Happy New Year, folks. Apologies for the long delay in blog updates: in standard fashion I’ve got maybe half a dozen half-written posts that never quite measured up and quickly found themselves abandoned, chronic overthinker that I am, so I figured it was time to return to a more familiar format in order to see if that could get me out of the rut I was in.

Turns out, it could.


I recently discovered the 10 Minute Writer’s Workshop podcast from New Hampshire Public Radio, which is a series you should absolutely listen to if you enjoy hearing how professional writers go about their business. One of the first ones I fired up was the interview with Ian Rankin (call it patriotic favouritism), one of Scotland’s most well-known and well-regarded crime authors. In the midst of explaining his general process for writing (turns out he can just start a novel and see where it goes, the lucky bastard), he had one particularly interesting idea to share:

“I don’t do a lot [of planning]. I’ve got a folder at home which is called ‘Ian’s Big Box of Ideas’, and anything that comes along during the course of a year… maybe something in a newspaper, I’ll just cut it out with a pair of scissors and put it in there. Or maybe I’ll get the vague idea for a storyline, I’ll write it on the back of a beer mat or on a piece of paper and stick it in there. And then come November, when I’m thinking ‘oh the deadline’s looming’… I’ll open up the Big Box of Ideas to see what’s in there, and there’s always something that just grabs me.”

This immediately struck me as a brilliantly simple but effective strategy for garnering inspiration when it’s needed. Part of being a good writer is reading widely, and by storing away the articles and thoughts that resonate with you for a rainy day, you’re effectively building up a catalogue of interesting plots and ideas that you can break out should they be required.

Simpsons Mystery Box


As of a few days ago (when I first listened to the podcast) I’ve started my own Big Box of Ideas based on what Ian Rankin outlined above, a folder that I keep next to my desk that I’ve begun adding little notes, scribbles and article clippings to. One of the advantages of being someone who still uses print media is that I still read a few magazines and newspapers, all of which are potential sources of material for the Box.

Of course, we live in a digital age these days and a lot of the written media we consume is, for better or worse, online. It would be a shame to miss out on so much potential material for the Box, but at the same time it’s not exactly practical to sit and print out every little nugget of inspiration I find whilst surfing the web (I mean Jesus Christ, ink isn’t cheap). To get around this I’m going to be making use of Google Keep, the free note-taking service offered by our Alphabet Overlords that allows users to save notes and links to websites for future use. It’s something I already use frequently, thanks to it’s cross-platform service, so all it really requires is a new label entitled ‘Big Box of Ideas’ to save things under.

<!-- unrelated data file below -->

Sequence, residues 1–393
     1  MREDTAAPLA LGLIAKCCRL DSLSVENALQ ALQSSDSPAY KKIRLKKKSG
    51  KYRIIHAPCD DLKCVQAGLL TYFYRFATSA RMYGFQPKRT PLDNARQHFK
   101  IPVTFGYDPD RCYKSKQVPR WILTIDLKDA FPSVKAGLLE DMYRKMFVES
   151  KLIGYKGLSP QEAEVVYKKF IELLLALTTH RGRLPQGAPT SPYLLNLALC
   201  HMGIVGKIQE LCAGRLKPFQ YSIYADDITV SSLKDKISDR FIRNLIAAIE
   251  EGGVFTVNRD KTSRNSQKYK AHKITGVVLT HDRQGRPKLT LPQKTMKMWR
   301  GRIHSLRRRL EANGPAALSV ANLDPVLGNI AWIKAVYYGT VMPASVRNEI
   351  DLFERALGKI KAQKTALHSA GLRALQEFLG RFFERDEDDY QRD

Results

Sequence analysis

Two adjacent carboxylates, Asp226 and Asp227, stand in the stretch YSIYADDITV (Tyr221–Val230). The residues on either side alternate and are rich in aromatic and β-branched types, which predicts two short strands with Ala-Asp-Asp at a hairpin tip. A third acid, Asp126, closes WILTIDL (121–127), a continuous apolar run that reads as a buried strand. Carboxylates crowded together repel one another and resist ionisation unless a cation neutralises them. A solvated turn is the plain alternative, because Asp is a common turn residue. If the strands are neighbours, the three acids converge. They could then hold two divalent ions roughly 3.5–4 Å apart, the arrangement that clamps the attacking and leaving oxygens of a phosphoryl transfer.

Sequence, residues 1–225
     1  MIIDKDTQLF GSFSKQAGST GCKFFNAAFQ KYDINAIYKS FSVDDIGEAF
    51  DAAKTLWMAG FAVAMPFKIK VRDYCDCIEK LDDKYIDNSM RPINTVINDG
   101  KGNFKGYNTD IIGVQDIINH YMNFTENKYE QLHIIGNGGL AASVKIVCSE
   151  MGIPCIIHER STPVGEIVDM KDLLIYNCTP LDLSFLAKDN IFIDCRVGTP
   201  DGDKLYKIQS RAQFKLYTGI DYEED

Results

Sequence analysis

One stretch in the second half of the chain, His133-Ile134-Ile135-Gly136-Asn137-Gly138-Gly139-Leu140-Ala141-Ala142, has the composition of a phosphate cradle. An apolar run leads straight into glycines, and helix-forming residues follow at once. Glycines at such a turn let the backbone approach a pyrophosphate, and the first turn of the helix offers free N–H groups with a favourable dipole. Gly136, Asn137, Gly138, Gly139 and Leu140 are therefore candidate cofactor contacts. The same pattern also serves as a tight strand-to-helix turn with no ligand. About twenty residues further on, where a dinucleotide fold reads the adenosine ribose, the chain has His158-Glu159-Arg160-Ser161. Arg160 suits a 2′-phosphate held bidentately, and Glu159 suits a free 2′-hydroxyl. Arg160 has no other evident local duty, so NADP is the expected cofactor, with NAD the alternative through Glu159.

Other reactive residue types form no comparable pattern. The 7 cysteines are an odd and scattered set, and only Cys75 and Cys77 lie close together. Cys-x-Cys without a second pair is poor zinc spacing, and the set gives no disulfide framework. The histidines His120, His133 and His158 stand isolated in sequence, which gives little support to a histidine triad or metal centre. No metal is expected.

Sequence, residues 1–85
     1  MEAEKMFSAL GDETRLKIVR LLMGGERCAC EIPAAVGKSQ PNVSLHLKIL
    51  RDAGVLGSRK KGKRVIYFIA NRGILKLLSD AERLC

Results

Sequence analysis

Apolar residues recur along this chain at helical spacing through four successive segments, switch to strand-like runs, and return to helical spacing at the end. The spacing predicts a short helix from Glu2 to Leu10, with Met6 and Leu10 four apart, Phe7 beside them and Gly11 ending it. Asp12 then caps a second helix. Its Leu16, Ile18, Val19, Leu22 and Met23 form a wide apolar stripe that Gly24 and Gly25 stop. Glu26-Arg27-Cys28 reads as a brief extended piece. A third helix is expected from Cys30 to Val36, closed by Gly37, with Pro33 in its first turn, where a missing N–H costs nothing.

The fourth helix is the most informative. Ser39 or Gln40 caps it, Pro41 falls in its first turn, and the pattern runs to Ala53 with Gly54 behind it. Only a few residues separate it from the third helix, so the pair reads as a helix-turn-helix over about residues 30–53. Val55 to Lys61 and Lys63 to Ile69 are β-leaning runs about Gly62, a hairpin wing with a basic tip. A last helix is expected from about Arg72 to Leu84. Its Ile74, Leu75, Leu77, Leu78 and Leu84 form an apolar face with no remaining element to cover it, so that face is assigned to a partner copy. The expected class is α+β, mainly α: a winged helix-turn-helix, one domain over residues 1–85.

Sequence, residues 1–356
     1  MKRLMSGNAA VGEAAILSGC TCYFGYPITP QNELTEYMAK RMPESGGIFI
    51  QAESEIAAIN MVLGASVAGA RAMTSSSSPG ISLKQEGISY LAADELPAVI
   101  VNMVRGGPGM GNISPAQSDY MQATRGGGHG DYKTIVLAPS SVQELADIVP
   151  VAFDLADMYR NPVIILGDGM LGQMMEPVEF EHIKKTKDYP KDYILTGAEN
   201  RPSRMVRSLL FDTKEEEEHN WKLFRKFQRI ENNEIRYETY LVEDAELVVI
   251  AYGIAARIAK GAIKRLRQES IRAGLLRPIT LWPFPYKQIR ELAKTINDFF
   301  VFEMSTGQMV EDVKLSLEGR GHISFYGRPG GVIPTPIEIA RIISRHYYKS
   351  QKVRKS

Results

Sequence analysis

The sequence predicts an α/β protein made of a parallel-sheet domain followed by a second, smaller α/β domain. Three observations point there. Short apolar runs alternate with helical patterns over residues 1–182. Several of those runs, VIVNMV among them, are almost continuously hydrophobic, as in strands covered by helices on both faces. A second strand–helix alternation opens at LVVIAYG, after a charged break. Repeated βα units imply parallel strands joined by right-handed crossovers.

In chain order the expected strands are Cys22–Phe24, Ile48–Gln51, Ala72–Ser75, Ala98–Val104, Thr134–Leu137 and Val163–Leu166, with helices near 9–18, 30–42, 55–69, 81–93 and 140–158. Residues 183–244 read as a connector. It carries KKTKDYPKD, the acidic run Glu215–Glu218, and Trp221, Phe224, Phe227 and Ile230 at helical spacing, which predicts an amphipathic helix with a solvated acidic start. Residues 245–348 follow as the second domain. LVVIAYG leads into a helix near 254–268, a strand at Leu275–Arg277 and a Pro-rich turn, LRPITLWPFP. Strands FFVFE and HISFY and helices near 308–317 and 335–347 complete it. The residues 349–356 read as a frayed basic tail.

As with the previous entry in this series that I did, I want to take a minute to consider the benefits this strategy might offer.

  • A Catalogue of Ideas: Anyone who’s ever sat down to write a story will be able to testify that inspiration is a fickle bastard that rarely lingers long once the going gets a bit tough. This strategy offers a resource to fall back on when ideas are scarce or when you’re needing some fresh thoughts to spice up a story.
  • A Prompt for Wider Reading: I’m a firm believer in the notion that there’s no such thing as reading too widely. The wider your range of sources, the larger the pool of information you’re working with; this naturally means you’ll have more sources for the Big Box of Ideas. It’s my hope that following this strategy will encourage me to seek out more magazines, papers and articles than I normally do.


As with all things there’s always going to be some negatives to the positives, and it’s important to at least be aware of them.

  • No Immediate Pay-off: This isn’t a short term strategy. A few clippings and a couple links does not an archive of ideas make. Creating a Big Box of Ideas, to continue using Ian Rankin’s term, is something that will take a good few months at least.
  • The Potential for Bloat: Almost conversely, there’s the distinct possibility that too much can be added to the Box, to the point that it’s hard to separate the wheat from the chaff. Some curation and cleaning might be necessary after a while in order to ensure that things aren’t getting too bloated and that the clippings/ideas that are being kept are up to snuff.

I’m a big fan of simple, easy techniques that can help writers crack on with their work and get stuff written, and Ian Rankin’s strategy outlined here definitely fits the bill. Hopefully I’ll be able to build up my own archive of cool articles, interesting plot notes and general inspiration in the coming months (January seems like a good time to start such a thing). As I’ve said this isn’t exactly a short-term strategy, but it’s one that I really think will pay off in the long run.

I’ll be sure to let you know in the future.